Refugees: Accord de paix et de la reconciliation nationale

Agreement for Peace and National Reconciliation-1994

SECTION III: MANAGEMENT OF THE RETURN TO PEACE

d) FRUD undertakes to encourage the refugees and Djibouti displaced persons, finding themselves outside the national territory because of the war, to return home.

Therefore, FRUD undertakes to submit to the Government a list of the names of the Djibouti persons concerned so that the State may give them support and assistance.

Implementation History

1995

No Implementation

Little progress was reported in terms of resettling IDPs/refugees. According to the US State department Human Rights Practice – 1995 report, an estimated 10,000 to 18,000 Afars displaced by the civil war continued to live in Ethiopia. The major displacement to urban areas (83% of population by 1995 – Inter Government Authority on Development 2001) was only slowly reversed. The Government stated that the Afars were welcome to return, but it suspected that FRUD agitators were persuading the refugees not to return home. Afar refugees also perceived the northern region as being unsafe.1

1996

Minimum Implementation

Progress in resettling IDPs and refugees proceeded slowly. The Government stated that the Afars were welcome to return. However, Afar refugees perceived the northern region as unsafe. In addition, many of the Afars' homes and lands were occupied by Djiboutian soldiers and their families.2

  • 2. “Djibouti Human Rights Practices, 1996,” U.S. Department of State, 1997.
1997

Minimum Implementation

The resettling of displaced persons and refugees continued in 1997. According to the UN Secretary General’s report (document A/52/434), the Government needs needs to adequately address specific problems which affect the rehabilitation of affected areas and the reintegration schemes for the returnees. The immediate need, the report stated, was for the rehabilitation and reconstruction of damaged or destroyed social infrastructure (schools, dispensaries, water facilities) in all regions that have been affected by civil strife.3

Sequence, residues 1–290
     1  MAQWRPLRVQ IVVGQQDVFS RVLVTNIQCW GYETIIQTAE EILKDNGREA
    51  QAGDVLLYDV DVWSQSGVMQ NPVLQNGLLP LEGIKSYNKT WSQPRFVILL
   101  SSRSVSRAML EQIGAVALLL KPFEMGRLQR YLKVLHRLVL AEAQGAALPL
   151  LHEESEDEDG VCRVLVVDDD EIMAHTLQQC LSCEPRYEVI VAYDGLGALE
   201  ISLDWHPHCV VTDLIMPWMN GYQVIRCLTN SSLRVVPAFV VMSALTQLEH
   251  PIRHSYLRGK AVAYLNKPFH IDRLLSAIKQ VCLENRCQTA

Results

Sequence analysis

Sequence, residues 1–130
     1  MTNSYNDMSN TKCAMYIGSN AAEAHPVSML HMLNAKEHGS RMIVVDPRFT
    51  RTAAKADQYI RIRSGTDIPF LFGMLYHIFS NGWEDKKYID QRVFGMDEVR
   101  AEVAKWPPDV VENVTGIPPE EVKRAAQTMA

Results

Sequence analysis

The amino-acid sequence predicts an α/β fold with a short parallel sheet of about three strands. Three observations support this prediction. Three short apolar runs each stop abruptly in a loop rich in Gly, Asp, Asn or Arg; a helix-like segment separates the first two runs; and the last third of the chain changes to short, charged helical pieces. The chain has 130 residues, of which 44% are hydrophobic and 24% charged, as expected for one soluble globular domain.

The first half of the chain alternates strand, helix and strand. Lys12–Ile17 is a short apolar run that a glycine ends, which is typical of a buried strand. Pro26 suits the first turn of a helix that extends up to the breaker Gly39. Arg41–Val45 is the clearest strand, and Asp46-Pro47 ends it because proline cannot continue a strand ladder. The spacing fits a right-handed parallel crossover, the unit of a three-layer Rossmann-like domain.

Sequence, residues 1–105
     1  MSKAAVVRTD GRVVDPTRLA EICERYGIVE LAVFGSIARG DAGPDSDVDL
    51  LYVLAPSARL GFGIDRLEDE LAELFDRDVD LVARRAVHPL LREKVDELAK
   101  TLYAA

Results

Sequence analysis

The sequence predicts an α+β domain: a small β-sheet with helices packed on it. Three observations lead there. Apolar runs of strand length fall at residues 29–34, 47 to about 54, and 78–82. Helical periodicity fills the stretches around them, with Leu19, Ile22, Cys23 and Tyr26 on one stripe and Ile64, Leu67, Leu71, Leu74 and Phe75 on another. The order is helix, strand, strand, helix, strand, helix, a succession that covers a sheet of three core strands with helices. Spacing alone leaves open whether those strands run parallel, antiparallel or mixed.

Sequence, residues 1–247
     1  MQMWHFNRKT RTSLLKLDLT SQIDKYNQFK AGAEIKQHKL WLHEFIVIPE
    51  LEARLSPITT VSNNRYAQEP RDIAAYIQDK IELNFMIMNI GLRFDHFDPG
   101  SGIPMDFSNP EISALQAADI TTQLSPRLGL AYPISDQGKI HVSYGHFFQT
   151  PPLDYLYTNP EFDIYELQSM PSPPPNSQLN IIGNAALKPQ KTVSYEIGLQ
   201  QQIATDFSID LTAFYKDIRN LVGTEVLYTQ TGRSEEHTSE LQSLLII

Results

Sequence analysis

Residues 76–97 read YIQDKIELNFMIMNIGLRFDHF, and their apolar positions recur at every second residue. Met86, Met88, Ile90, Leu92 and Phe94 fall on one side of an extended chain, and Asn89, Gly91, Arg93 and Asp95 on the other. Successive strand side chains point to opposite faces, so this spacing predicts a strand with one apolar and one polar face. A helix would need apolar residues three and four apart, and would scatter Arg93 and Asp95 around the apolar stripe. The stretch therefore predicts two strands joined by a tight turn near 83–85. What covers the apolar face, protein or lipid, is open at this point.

• 3. "Djibouti; Reconstruction and Development of Djibouti," Africa News, November 24, 1997.
1998

Intermediate Implementation

Of the estimated 18,000 Djiboutian Afars that fled to Ethiopia during the 1991-94 civil war, at least 10,000 were said to have repatriated themselves since the 1994 Peace Accord.4

  • 4. "Djibouti Human Rights Practices, 1998,” U.S. State Department, 1999.
1999

Intermediate Implementation

No further developments observed.

2000

Intermediate Implementation

No further developments observed.

2001

Intermediate Implementation

No further developments observed.

2002

Intermediate Implementation

No further developments observed.

2003

Intermediate Implementation

No further developments observed.

2004

Intermediate Implementation

No further developments observed.